Leasing a commercial premises will involve the drawing up of a lease agreement. A lease provides both the landlord and occupier with security of tenure for a fixed period of time. If you have commercial property to rent in the West End, you’ll want to attract the best tenant, offering that tenant a degree of flexibility and a secure base from which to run their business.
When leasing commercial premises and drawing up a lease agreement, there are certain things to bear in mind, some of which we’ve outlined below.
1. Get a survey
When you lease a premises, you’ll want to have a survey carried out to determine the structural health of the building. By establishing the condition of the property, you’ll have a clearer idea of what might need repairing or fixing, either now or in the near future. If the survey draws any positives, make sure these form a part of the initial negotiations for the leasing of the property to a potential tenant. A tenant will be more inclined to rent out a property if they don’t have to do any repairs or maintenance work immediately.
2. Outline responsibilities for repair, maintenance and alteration
The ‘repairs and alterations’ section included in the tenancy agreement must clearly state the responsibilities of the tenant and landlord in all matters concerning repairs and alterations. If a long tenancy is agreed, it’s more likely the building will require more maintenance work. A ‘full repairing and insuring’ lease is one where the tenant is responsible for both any repair work and building insurance.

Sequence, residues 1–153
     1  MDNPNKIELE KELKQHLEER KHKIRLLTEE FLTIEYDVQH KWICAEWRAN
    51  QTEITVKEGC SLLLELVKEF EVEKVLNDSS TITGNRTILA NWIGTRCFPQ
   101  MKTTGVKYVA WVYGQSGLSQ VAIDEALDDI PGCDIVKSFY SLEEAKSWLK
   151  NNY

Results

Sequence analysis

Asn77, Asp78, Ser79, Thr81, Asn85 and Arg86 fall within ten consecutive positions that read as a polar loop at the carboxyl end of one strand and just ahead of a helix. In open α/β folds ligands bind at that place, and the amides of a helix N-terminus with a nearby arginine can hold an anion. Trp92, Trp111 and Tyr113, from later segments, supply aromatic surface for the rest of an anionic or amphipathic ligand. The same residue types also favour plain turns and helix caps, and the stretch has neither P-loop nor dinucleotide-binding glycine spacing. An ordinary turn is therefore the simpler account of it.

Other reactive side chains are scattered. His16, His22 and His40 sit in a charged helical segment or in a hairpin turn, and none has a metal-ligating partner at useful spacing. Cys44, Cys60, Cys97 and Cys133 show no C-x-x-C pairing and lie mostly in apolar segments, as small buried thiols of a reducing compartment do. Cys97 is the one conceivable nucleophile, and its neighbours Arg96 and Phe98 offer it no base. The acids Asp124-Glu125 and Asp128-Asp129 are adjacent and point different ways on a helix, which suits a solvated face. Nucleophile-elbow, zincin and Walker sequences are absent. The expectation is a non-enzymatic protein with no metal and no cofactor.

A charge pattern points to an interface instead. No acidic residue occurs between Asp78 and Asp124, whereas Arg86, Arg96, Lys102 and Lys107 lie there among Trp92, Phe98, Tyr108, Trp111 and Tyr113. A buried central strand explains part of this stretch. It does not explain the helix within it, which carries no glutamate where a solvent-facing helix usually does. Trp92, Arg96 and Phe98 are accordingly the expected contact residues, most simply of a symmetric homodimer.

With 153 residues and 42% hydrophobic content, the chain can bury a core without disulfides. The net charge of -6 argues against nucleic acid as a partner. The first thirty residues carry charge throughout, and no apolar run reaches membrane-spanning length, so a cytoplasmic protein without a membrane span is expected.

3. Arrange insurance
The lease must make clear who will take out insurance and what that insurance will cover. It’s more usual for a landlord to arrange the insurance, as it is in his or her best interests to do so. The lease should insure against ‘insured risks’, and this can mean anything from fire and lightening to damage caused by flooding. The insurance costs can be passed onto the tenant, but the landlord must make sure this is stated in the lease and agreed to.
4. Get a condition report
Almost like an inventory, a condition report is recommended along with the lease agreement. This should include photos and full details on the condition of the property at the start of the lease. This should minimise the chance of any disagreements occuring between the tenant and landlord during or at the end of the tenancy.